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Inspired by question When do I need invoke \clearpage manually?:

When do I need to invoke \phantomsection?

In what condition is invoking \phantomsection necessary?

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Are there any other than hyperref applications? –  Grzegorz Wierzowiecki Feb 10 '12 at 12:24
    
See question in tex.stackexchange.com/questions/7627/how-to-reference-paragraph and my answer there for an example why you want to use \phantomsection{}. –  Peter M Oct 17 '12 at 13:00
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3 Answers 3

The \phantomsection command is nessesary for hyperref to jump to the correct page, in other words it puts a hyper marker on the page. For example a starred section or chapter added to the TOC would normally refer to the wrong place without \phantomsection

\chapter*{Extended Summary}
\phantomsection
\addcontentsline{toc}{chapter}{Extended Summary}%
\markboth{Extended Summary}{Extended Summary}%

I normaly put in the preamble the command

\providecommand\phantomsection{}

Your document can then be compiled with or without hyperref without an error

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14  
Especially elegant, your \providecommand –  Brent.Longborough Feb 10 '12 at 11:46
    
Is hyperref only application ? –  Grzegorz Wierzowiecki Feb 10 '12 at 12:24
    
@Grzegorz Wierzowiecki: Yes it is only nessesary for hyperref (hyperref defines it internaly) –  Danie Els Feb 10 '12 at 12:28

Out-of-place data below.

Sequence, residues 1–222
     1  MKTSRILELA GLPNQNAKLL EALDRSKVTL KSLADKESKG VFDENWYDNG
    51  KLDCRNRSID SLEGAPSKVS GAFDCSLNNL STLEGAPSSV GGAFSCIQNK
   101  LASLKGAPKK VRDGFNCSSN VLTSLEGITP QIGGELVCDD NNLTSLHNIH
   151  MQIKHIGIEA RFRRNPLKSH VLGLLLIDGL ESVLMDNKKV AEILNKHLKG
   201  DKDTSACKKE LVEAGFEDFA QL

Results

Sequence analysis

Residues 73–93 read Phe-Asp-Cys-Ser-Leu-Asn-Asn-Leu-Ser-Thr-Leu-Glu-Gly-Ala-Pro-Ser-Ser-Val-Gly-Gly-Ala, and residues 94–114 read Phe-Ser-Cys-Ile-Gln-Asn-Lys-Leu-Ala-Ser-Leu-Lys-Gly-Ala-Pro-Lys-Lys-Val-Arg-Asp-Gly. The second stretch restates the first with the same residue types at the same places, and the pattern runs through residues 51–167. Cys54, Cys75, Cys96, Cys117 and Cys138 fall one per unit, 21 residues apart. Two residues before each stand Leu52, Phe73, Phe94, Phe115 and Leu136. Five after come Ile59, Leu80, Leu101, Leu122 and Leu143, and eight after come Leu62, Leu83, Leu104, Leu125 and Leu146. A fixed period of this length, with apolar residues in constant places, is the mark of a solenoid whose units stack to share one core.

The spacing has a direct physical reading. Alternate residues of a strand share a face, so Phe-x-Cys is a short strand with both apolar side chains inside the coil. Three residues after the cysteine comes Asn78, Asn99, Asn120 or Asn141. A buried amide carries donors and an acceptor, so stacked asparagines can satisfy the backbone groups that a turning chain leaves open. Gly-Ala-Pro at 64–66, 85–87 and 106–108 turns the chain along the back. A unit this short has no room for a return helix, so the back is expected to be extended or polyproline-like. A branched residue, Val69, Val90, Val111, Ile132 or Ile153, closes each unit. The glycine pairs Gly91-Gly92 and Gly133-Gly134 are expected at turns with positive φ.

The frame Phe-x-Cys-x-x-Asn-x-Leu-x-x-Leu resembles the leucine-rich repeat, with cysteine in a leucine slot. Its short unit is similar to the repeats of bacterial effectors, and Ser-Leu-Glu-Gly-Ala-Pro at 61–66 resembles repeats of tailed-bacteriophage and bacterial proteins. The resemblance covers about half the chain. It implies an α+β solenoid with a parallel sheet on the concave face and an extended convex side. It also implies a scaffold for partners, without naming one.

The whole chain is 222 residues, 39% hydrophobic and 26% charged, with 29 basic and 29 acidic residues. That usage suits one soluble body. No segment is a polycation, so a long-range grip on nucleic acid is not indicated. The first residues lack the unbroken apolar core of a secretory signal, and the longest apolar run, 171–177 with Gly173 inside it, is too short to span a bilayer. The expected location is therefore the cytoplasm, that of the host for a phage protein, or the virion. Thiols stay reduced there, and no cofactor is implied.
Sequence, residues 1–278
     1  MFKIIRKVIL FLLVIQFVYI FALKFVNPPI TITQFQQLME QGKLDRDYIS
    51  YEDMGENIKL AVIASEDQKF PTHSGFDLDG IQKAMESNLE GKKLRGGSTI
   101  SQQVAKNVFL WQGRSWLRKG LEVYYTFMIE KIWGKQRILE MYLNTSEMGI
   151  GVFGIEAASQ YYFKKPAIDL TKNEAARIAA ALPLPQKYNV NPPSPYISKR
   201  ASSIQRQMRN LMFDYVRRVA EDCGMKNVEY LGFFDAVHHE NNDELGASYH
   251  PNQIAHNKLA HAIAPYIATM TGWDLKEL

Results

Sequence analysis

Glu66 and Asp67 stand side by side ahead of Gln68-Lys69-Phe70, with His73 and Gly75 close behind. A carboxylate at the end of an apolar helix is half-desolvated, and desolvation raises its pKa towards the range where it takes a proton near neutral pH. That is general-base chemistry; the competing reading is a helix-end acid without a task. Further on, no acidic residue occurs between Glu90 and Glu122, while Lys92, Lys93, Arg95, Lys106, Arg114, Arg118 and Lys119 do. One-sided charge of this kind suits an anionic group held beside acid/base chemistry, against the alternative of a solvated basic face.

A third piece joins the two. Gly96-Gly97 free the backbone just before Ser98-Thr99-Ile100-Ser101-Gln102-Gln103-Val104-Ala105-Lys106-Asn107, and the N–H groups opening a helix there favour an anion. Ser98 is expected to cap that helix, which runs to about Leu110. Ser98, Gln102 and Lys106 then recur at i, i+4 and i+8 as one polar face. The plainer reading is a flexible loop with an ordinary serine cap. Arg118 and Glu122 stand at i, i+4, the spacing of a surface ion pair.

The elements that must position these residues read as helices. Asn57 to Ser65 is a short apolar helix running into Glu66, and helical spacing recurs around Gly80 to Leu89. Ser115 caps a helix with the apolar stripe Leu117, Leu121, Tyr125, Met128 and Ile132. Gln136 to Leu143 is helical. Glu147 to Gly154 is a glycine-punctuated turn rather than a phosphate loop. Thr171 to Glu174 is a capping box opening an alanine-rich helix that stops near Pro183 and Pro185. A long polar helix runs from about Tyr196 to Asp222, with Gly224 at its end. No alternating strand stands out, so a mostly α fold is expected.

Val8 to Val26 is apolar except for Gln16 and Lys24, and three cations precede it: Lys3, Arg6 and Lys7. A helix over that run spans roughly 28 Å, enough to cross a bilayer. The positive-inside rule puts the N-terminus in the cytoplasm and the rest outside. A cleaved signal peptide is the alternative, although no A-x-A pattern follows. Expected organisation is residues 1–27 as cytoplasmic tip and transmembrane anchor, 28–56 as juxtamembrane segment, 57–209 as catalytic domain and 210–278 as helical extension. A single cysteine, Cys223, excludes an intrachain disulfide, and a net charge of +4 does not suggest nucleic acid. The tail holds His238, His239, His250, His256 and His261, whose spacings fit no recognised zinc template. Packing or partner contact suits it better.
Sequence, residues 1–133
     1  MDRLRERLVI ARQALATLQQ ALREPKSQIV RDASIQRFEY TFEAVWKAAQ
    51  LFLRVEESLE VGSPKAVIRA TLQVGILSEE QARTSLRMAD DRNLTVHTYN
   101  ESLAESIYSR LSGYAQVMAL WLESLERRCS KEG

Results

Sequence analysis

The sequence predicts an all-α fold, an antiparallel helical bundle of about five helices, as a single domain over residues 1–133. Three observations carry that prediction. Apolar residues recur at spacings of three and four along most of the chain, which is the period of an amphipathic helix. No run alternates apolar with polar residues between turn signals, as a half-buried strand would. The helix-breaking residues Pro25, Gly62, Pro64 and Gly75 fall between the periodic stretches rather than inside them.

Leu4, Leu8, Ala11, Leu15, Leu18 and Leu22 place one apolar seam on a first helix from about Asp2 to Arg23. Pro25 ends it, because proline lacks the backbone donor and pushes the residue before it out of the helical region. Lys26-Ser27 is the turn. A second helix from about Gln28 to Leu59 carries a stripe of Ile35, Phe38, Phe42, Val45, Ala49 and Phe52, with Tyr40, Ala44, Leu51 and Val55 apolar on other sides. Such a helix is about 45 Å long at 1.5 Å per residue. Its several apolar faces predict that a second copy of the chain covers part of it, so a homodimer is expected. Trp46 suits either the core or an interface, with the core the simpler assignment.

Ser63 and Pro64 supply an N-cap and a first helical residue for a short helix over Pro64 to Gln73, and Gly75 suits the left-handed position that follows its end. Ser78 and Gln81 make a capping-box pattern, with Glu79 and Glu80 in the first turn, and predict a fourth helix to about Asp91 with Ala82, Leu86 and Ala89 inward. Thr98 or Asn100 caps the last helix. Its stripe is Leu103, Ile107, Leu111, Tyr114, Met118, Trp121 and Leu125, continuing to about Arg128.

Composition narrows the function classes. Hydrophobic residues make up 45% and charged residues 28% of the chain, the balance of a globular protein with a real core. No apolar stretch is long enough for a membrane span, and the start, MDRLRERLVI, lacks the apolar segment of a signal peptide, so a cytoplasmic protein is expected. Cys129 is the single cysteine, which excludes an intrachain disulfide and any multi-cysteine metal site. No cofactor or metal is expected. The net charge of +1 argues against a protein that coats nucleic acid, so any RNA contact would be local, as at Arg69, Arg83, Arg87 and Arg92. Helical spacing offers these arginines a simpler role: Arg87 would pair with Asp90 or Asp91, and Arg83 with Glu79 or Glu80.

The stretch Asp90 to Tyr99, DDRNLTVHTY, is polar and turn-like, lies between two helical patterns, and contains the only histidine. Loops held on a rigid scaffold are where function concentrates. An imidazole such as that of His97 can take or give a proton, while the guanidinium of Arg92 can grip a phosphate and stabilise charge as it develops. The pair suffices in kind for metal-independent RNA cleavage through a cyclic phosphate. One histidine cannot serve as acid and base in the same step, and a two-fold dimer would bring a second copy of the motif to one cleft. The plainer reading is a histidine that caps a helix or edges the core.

@GrzegorzWierzowiecki: If you're content with this information, don't forget to accept the answer. If there's something else you want to know, let us know. –  doncherry Mar 23 '12 at 2:06
2  
Since hyperref 2009/11/25 v6.79h \phantomsection is no longer necessary in this situation. With this usage, the anchor is put after the chapter title. –  Heiko Oberdiek Oct 17 '12 at 13:19
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I am providing a different answer to this question because the original answer is out of date.

The \phantomsection command is needed to create a link to a place in the document that is not a figure, equation, table, section, subsection, chapter, etc.

This is mostly used in conjunction with \addcontentsline or with \label and \hyperref. For example, the following code will create a contents line and a link to somewhere in the document.

\phantomsection
\addcontentsline{toc}{section}{Some place in the document}
\label{some}
This is just \hyperref[some]{some place} in the document.

Without the \phantomsection line, both the contents line and the link would point to the beginning of the current section (or subsection, etc.)

In previous versions of hyperref (before 2009-11-25), you also had to use \phantomsection with unnumbered sections (e.g. \section*) to prevent links from pointing to the previous section. This is not necessary in up-to-date distributions.

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I've found none of the previous answers to work, but the below snippet works well:

    \newpage
    \phantomsection \label{listoffig}
    \addcontentsline{toc}{chapter}{List of Figures}
    \listoffigures

Originally found on: http://sumanta679.wordpress.com/2009/05/15/latex-list-of-table-list-of-figures-and-bibliography-in-toc/

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This looks very similar to the code Nathan Grigg posted: could you elaborate on the difference? –  Joseph Wright Mar 5 '13 at 8:01
    
I didn't get Nathans code to work. Why? I couldn't tell you. But here's a solution that worked for me. –  Robert Foss Mar 6 '13 at 15:51
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